The Georgiana shipwreck was discovered by underwater archaeologist Dr. E. Lee Spence on March 19, 1965 at 32°46?47?N 79°45?35?W. The state of South Carolina later issued South Carolina salvage license #1 to Spence’s company, Shipwrecks Inc., to explore the combined wreck of the Georgiana/Mary Bowers. Hundreds of thousands of individual artifacts were recovered from the site.
Continue reading to learn more about this amazing Civil War Steamer: the Georgiana…
Although, the Georgiana is now one of the best known Civil War shipwrecks. Prior to the research on the steamer's unusual history and prior to the discovery of the wreck's location, the Georgiana was a mystery ship largely unknown to the public.
The Feb. 28, 1863 edition of Harper’s Weekly, carried the following account titled Another Steamer for the Rebels. "The steamer Georgiana, the tender of the Alabama, was in the harbor of Holyhead, England, and went to sea on the 24th of January, bound for Nassau. She had a formidable crew of rough-looking men of almost every European nationality. She mounts twenty-eight guns, and carries out a quantity of tea and other necessaries for the use of the crew of the Alabama. A letter from Holyhead says: “Her crew—rather numerous, by-the-way—were all bearded like pards, and reminded the by-standers forcibly of Cooper’s heroes. She is bound for America, and looks just the thing for running the blockade." Dr. Spence actually recovered some of the Georgiana's tea, which, despite being submerged for over a century, still had its characteristic odor.
Zero visibility, a heavy surge and strong currents are the norm for the site, which may explain why, despite the Georgiana’s historical and archaeological significance, the South Carolina Institute of Archaeology & Anthropology (SCIAA), which is officially in charge of all of the shipwrecks in South Carolina waters, has only made one trip to the site. That trip was in 2011, about 45 years after Spence first informed the State of his discovery. The bad thing is, at this rate, the State may not get back out to the Georgiana site until the wreck's 200th anniversary.
Thomas Scharf (who had served in the Confederate navy), in his History of the Confederate Navy, described the Georgiana as the "most powerful" Confederate cruiser.
The Georgiana was 226' long and was built of heavy iron planks and frames. The vessel was powered by an enormous steam engine that drove a 12' diameter propeller. She was also rigged for sail. The cruiser must have been an impressive sight. She had heavily raked masts and her clipper bow sported the figurehead of a woman. The Georgiana was reportedly pierced for fourteen guns and could carry over four hundred tons of cargo.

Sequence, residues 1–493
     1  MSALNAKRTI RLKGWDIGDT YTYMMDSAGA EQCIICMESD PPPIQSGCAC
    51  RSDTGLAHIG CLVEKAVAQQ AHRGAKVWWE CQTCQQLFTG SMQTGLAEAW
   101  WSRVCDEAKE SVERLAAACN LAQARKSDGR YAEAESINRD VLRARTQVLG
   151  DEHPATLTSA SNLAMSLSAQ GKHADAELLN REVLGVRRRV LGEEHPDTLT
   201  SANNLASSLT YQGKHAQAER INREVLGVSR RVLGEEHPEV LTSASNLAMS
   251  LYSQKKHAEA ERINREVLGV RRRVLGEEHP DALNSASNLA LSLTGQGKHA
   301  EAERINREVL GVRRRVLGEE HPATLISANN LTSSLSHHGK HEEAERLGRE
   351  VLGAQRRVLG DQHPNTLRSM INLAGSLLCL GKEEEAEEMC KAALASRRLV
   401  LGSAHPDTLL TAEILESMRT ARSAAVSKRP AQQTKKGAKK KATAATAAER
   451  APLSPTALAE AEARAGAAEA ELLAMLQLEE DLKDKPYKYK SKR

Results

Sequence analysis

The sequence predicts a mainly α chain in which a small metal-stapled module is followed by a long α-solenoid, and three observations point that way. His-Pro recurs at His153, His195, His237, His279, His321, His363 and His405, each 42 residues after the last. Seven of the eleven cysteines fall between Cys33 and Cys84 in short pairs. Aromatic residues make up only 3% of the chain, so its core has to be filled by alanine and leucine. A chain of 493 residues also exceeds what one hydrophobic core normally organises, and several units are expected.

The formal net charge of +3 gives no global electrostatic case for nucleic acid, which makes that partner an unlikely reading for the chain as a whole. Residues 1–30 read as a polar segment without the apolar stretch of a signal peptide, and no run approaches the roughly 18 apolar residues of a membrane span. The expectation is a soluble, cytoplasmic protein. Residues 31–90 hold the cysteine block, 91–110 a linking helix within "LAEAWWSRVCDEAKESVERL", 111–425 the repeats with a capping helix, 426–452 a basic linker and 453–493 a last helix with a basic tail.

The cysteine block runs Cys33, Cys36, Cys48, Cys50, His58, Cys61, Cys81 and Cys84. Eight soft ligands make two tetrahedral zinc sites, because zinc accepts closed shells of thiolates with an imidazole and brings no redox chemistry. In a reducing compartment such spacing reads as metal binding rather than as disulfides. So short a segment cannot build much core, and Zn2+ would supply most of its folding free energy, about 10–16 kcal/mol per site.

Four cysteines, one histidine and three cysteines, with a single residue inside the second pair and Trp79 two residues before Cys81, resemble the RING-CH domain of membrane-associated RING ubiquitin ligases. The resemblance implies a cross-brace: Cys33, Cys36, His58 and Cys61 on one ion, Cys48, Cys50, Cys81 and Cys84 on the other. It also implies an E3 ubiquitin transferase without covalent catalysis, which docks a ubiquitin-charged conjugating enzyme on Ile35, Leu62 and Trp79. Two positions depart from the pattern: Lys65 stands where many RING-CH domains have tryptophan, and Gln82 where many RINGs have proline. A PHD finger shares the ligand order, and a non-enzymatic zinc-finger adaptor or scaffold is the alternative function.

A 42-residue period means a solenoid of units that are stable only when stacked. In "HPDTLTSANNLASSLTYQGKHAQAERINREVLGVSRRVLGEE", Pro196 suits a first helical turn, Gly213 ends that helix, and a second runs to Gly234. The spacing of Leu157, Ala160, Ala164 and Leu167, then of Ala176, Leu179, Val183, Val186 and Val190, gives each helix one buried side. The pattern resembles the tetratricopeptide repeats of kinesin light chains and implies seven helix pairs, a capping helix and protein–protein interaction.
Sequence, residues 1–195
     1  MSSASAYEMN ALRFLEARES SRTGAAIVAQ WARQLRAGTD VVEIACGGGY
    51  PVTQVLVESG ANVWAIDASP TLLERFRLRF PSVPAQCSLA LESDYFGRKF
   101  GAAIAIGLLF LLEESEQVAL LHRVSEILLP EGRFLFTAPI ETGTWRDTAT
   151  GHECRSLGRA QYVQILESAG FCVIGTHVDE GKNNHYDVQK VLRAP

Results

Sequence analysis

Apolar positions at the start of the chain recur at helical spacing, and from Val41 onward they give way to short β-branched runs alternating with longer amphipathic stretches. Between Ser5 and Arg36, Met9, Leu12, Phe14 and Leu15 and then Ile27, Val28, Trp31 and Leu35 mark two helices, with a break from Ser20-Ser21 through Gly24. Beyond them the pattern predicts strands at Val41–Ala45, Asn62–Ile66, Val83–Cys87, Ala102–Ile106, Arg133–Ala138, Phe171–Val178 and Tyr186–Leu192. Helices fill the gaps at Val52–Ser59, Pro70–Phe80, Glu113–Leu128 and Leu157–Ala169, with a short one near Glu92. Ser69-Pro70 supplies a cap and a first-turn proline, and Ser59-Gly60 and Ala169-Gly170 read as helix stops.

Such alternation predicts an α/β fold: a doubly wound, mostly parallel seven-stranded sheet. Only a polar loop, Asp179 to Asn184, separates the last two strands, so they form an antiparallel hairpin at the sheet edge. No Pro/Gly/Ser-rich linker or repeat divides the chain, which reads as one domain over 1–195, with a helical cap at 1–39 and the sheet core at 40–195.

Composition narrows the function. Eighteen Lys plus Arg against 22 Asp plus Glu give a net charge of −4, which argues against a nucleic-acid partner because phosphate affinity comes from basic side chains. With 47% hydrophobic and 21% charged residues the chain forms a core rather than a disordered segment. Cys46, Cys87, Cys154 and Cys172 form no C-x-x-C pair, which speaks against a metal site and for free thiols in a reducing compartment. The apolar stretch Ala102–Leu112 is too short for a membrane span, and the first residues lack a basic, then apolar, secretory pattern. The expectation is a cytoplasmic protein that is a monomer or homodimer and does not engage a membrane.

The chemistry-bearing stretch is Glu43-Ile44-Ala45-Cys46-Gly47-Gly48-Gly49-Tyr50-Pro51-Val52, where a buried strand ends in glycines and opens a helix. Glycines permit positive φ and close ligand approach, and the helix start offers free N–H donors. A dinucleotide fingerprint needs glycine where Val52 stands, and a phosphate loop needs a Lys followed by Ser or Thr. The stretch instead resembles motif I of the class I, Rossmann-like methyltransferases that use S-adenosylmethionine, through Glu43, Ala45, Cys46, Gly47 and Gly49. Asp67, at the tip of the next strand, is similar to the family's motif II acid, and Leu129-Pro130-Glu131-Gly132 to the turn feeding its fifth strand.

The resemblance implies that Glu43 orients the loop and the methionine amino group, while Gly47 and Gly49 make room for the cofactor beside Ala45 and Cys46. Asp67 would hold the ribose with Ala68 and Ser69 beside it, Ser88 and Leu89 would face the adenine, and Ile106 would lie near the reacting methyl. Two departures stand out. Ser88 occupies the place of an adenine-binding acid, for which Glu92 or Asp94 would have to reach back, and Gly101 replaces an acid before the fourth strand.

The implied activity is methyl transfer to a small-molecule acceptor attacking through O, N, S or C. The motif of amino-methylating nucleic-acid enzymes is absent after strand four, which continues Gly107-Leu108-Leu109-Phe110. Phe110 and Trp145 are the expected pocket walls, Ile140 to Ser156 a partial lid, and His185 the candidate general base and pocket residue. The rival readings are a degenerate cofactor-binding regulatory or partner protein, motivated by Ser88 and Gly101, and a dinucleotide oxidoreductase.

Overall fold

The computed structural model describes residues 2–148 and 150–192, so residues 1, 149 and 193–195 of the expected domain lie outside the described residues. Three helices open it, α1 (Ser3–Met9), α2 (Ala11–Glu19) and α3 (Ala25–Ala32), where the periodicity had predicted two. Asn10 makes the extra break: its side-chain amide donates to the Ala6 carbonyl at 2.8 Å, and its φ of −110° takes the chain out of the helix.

The Georgiana was lost on the night of March 19, 1863, while attempting to run past the Federal Blockading Squadron and into Charleston, South Carolina. She was sunk after a desperate chase in which she came so close to the Yankee guns that her crew even heard the orders being given on the enemy vessels. With solid shot passing entirely though her hull, her propeller and rudder damaged, and with no hope for escape, the Georgiana's captain ran her aground. Once aground, the Georgiana's crew scuttled her and escaped to shore. The Yankees then set her on fire. The partially submerged wreck burned and blew up for three days.
The United States Secretary of Navy wrote: "the destruction of the Georgiana not only touched (the Confederate's) pockets, but their hopes. She was a splendid craft, peculiarly fitted for the business of privateering."
Contemporary accounts published in the Charleston Daily Courier reported the Georgiana's cargo as consigned to Fraser and Company, a blockade running firm headed by George Alfred Trenholm. Underwater archeologist and historian, Dr. E. Lee Spence, has uncovered evidence showing Trenholm was the historical basis for much of the Rhett Butler character in Margaret Mitchell's Gone With The Wind.
Today the Georgiana sits on the bottom with her huge boiler only five feet under the surface. She is now plumed with a glorious array of Sea Fans, Sea Whips, and living corals. Large sections of the hull are still intact. In places the starboard side of the shattered blockade runner protrudes over nine feet from the sand. Under the mud and sand lies the remainder of the hull of the ill-fated warship.
Most of the time there is zero visibility, but, on a clear day, skin divers can dive down into the Georgiana's immense cargo hold simply by holding their breath. They can swim right past the remaining iron deck supports. The ship's deck was white pine and has long since been eaten away. Sea Urchins, and Sea Anemones abound on the wreck. The wreck seems alive with Sea Bass, Grouper, Flounder, Sting Rays, Sea Horses, and Toad Fish - a toad fish is an ugly looking fish that actually makes a barking noise, and has a bite worse than its bark.
Once in the Georgiana's cargo hold, divers can observe heavily encrusted artifacts sitting where they have lain for over one hundred years. Near the forward cargo hatch Spence found boxes of pins and buttons. Spence recovered sundries, munitions, and medicines easily worth over $12,000,000, but he never found the 4,500 troy ounces of gold coins she carried. The coins could easily have a numismatic value of over $15,000,000.
A United States consular dispatch dated on January 6, 1863, stated. "The steamer Georgiana, just arrived at Liverpool from the Clyde. She is new and said to be a very superior steamer. ··· Yesterday while lying here she had the Rebel flag flying at her mast." The London Times of April 8, 1863, described her as follows: "There is not the least doubt of her being intended as a privateer." The New York Times of March 31, 1863, reported a spy's description of the craft as "a superior vessel, ··· built expressly for the rebel navy." The spy went on to report that she was "altogether a faster, stauncher, and better vessel than either the Oreto or Alabama."